Saturday, January 26, 2008

New technology for the visually impaired will make bus rides easier for them

A year ago, Rob Sleath was riding a bus heading down Granville Street. The visually impaired man asked the driver to call out his stop, Granville Street and Fifth Avenue.

"By the time the driver realized he had forgotten, we had passed Granville Station [in downtown Vancouver]," Sleath says.

Sleath stayed on the bus until it completed its entire route, just to get to his stop. He says this is something that he -- and other visually impaired transit users -- experience on a regular basis.

However, an end to this headache is in the works. "The annunciator," an automated female voice announcing coming stops, is being tested on select buses until the end of January as part of a TransLink pilot project.

"I'm thrilled. This has been a long time coming," said Sleath, past president of the Committee to Promote Accessible Conventional Transit, which advises TransLink on accessibility issues.

"[It's] very necessary, particularly for people living with vision loss," Sleath said. "But I see it as an enhancement for all transit users -- for seniors, for people who maybe don't use the transit system on a regular basis."

The project, which includes a voice announcement and a computerized readout of the next stop, is being tested on 23 buses throughout Metro Vancouver while the transit authority gets customer feedback and works out the bugs. TransLink spokesman Drew Snider said the goal is to eventually put the annunciator on all buses as part of TransLink's commitment to make the bus fleet completely accessible.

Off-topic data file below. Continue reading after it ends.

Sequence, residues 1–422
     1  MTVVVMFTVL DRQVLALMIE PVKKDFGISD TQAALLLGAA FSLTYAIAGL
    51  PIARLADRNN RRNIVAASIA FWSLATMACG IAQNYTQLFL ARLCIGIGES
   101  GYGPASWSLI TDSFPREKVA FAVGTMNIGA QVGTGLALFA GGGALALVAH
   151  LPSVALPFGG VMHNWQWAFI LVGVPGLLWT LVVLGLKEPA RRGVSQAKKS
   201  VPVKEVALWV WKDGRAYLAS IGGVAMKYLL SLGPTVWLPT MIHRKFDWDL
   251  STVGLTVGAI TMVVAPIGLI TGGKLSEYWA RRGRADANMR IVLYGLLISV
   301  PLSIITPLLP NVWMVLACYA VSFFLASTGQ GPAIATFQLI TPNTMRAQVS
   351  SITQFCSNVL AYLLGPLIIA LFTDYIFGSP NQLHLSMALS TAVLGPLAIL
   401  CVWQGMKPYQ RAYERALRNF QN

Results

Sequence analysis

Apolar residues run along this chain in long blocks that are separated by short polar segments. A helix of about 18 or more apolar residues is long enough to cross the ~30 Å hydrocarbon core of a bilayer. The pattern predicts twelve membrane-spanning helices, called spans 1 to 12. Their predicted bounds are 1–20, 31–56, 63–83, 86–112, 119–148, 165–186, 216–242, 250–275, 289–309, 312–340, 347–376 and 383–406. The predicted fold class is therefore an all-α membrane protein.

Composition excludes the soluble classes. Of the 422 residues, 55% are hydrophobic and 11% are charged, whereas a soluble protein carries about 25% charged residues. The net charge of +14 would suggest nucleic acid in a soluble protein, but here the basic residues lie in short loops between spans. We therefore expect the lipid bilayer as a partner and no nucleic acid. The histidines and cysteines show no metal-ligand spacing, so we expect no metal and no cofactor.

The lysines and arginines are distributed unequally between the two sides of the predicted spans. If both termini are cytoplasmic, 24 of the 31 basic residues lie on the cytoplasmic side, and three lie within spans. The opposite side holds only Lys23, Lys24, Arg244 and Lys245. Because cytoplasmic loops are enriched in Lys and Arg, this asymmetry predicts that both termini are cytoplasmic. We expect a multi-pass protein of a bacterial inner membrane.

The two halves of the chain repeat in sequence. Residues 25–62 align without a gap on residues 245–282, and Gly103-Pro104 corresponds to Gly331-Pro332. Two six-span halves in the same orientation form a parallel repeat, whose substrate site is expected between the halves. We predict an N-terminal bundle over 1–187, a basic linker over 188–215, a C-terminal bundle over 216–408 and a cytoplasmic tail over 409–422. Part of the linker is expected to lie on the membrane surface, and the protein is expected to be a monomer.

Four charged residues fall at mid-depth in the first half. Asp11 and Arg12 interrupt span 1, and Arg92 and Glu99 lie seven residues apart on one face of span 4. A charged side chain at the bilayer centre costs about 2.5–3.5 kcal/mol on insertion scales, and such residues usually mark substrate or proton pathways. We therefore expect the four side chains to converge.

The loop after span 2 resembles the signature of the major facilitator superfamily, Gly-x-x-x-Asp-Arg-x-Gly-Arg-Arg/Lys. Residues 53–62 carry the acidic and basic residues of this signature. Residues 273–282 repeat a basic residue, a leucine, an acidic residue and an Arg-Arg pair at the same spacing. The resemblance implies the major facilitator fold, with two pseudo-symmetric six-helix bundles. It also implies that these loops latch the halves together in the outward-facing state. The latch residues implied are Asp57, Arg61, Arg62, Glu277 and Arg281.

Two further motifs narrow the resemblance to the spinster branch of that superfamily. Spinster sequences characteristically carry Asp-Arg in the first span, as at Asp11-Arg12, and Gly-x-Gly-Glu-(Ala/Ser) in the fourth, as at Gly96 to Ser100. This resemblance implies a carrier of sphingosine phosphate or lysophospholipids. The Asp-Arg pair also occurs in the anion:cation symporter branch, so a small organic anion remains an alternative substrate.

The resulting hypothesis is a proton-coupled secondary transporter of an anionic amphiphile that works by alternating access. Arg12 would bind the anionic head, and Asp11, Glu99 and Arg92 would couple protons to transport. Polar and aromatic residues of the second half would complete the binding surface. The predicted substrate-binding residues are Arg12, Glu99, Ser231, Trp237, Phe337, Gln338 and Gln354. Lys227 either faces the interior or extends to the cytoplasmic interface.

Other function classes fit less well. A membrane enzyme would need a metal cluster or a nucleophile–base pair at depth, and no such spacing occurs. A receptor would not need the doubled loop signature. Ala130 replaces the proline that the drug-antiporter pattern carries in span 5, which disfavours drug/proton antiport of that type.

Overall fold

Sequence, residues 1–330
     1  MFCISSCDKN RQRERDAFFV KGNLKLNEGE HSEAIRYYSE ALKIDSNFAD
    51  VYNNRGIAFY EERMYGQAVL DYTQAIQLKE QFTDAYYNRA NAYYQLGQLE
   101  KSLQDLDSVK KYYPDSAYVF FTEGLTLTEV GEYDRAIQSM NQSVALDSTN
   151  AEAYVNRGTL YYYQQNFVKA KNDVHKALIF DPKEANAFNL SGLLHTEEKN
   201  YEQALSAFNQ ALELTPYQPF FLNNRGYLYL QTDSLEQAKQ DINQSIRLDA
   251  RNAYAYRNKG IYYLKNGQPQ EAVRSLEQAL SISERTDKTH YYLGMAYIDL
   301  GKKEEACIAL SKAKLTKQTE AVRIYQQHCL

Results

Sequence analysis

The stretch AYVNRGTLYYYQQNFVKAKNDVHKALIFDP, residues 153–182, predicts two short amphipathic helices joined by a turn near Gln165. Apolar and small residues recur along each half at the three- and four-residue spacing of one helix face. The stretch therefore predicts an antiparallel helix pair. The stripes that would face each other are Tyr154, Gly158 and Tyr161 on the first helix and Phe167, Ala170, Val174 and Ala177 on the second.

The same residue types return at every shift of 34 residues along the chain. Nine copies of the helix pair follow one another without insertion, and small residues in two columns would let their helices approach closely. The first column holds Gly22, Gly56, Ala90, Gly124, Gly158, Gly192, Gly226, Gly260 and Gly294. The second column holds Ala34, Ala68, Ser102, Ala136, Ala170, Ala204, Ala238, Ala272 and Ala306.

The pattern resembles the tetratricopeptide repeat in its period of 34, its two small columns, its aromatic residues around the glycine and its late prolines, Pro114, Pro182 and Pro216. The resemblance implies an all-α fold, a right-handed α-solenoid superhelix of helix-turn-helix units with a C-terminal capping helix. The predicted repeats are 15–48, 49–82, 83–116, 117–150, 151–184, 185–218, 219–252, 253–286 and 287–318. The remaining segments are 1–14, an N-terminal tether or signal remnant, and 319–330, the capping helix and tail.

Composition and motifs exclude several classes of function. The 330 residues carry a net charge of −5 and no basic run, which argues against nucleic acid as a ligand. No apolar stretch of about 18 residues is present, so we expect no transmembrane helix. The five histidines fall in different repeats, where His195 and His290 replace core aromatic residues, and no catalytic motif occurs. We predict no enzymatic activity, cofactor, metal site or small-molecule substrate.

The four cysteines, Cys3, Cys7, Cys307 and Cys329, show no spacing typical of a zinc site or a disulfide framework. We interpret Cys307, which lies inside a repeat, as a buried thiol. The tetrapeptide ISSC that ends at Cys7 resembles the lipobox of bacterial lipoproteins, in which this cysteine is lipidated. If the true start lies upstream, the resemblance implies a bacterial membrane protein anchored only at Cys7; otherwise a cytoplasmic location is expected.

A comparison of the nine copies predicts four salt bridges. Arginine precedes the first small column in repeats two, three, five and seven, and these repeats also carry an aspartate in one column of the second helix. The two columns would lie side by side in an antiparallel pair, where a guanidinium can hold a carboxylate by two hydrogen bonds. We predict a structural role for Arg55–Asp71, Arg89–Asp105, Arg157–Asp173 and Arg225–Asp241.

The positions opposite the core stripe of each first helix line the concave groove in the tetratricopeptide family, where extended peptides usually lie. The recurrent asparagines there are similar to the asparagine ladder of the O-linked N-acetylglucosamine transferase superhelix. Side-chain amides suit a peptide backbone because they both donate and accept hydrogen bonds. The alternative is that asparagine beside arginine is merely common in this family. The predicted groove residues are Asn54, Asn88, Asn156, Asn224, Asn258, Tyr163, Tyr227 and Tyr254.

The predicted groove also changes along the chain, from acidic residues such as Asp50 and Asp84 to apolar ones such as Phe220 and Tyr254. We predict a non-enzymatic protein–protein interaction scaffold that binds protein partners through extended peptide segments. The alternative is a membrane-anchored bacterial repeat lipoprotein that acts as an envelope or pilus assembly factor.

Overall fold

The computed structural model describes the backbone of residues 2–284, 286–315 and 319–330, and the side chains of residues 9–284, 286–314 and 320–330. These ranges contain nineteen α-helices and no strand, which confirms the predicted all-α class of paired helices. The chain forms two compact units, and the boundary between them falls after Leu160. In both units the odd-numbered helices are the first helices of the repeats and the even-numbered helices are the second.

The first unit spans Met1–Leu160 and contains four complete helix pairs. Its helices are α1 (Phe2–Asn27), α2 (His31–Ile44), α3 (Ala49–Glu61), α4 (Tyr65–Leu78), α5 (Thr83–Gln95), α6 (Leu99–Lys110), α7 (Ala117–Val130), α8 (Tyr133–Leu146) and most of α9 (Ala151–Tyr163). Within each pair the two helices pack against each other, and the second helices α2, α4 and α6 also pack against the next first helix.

"Accessibly means a lot of things to people and this is one of them: Making sure that people do not get lost, don't feel like they can't take public transit or have to rely on something more expensive," Snider explained.

Robert Ponto, a visually impaired volunteer with the B.C. Coalition of People with Disabilities, has already heard the annunciator a few times.

"It's good," Ponto said. "I hope for one thing that they continue it. I don't want it to be just another project."

Ponto rides the bus to work in the morning, and often all day long, since he works as a courier with the advocacy group. He said he usually just relies on his knowledge of the routes to figure out where to get off the bus, but added that sometimes he gets distracted and misses a stop.
The annunciator is one of several improvements to TransLink's communication system announced Friday.

Also to be tested on some buses is a global positioning system -- or GPS -- that will more accurately determine the location of buses in an emergency, Snider said.
GPS will also improve the "next bus" service, which allows transit users to send a text message to "33333" along with the bus stop number to determine the next six buses to arrive. Now, instead of finding out the schedule, riders will know when those buses are expected to arrive based on their locations.

Snider said the costs of the new features are likely to be on top of the $40 million TransLink has committed to its communications improvements.


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